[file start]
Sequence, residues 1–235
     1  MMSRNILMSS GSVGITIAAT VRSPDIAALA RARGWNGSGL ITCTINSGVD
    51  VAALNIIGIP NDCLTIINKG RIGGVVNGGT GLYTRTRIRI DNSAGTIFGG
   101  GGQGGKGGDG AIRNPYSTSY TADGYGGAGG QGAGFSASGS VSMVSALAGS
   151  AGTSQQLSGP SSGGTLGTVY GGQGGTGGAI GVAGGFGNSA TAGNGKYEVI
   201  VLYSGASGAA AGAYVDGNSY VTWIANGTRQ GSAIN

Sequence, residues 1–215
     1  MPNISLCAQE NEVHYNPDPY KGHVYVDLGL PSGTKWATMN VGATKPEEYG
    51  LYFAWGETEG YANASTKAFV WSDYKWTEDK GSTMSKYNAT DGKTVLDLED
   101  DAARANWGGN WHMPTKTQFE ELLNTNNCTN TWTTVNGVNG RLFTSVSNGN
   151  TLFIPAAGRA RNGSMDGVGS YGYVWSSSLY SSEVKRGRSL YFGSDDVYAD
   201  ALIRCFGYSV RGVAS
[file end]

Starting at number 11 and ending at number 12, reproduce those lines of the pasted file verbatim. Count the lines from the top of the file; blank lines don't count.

   151  TLFIPAAGRA RNGSMDGVGS YGYVWSSSLY SSEVKRGRSL YFGSDDVYAD
   201  ALIRCFGYSV RGVAS